After writing a post about the experience of founding a startup teaching me the value of staying in school, I've come to realize that maybe if I was really a startup founder at heart the lesson would have been different and I would have thrown school in the bin, gotten rich and famous and never looked back.
Yeah, right, especially the rich and famous part, that would surely happen right? Every startup is a smashing success, especially the ones founded by 22 year olds with their heads up their arses.
But even though I might be too green to be a proper founder, I still seem to be somewhat entrepreneurial. I can't remember a time in my life when I wasn't trying to _create _something. Following the rules, focusing on a single thing somebody tells you to do ... yeah that's never quite worked for me.
Whether it was learning cursive in first grade when teachers were telling me that I should first learn to print, or trying to design a killer spider robot that was twenty meters tall and shot lasers out of its fangs when I should have been learning the basic principles of ... you know ... reality (this was fourth grade I think).
Or even later, when I was trying to get my own opensource web development framework off the ground instead of studying the basics of polynomials and in college when I was ... well there was a bunch of things, ranging from bringing urbandictionary to the Slovene language, to founding a startup and later creating HipsterVision.
Fact of the matter is, there has simply never been a point in my life that I didn't have a side project or two, three, four.
Where was I going with this ... oh, right, what I'm trying to say is that I don't like to call myself an entrepreneur even though I might have some of the spirit and the big dreams. There are a bunch of connotations that come with being one of Those, a whole bunch of expectations, limitations and ... well it just sucks.Sure, it's a nice french buzzword, but it's useless and boring.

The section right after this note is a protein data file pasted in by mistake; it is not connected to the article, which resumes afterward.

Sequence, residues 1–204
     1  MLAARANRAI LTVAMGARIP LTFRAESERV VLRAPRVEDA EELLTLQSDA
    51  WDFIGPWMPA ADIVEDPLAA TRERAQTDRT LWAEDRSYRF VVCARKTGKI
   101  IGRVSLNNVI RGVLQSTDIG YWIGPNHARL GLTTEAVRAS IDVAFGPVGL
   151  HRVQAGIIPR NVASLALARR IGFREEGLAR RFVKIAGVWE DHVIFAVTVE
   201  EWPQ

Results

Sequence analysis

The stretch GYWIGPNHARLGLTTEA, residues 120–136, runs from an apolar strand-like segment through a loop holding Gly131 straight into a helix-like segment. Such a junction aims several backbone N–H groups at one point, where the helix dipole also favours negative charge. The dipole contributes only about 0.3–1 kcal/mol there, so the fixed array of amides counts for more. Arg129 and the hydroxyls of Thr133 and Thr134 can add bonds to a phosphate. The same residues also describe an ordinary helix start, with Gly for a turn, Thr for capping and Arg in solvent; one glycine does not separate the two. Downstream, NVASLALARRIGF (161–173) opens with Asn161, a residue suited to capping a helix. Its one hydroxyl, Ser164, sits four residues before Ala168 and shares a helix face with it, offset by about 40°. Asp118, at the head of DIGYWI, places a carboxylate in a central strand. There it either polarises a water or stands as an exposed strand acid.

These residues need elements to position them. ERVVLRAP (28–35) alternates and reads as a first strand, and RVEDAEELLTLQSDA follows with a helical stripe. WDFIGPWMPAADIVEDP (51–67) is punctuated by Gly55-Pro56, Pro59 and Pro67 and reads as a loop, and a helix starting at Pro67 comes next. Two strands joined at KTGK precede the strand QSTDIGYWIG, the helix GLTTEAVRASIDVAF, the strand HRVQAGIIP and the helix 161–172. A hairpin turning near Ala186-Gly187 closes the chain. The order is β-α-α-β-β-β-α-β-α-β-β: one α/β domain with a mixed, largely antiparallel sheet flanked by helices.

Not to mention hard to spell.
Rather than being an entrepreneur, I'm an indie web developer.
I don't need to tie myself down to a single project for the next five years of my life. Nope, I do projects because they're fun. Because they let me learn shit. And most of people, because I want people to use them.
Sure, it's fun that most of my projects turn out to be indirectly profitable, it wouldn't be too bad if some of them became directly profitable either, but first and foremost, I do them because they're fun and because they make me an awesomer person.
I write articles with real insight into the career and skills of a modern software engineer. "Raw and honest from the heart!" as one reader described them. Fueled by lessons learned over 20 years of building production code for side-projects, small businesses, and hyper growth startups. Both successful and not.
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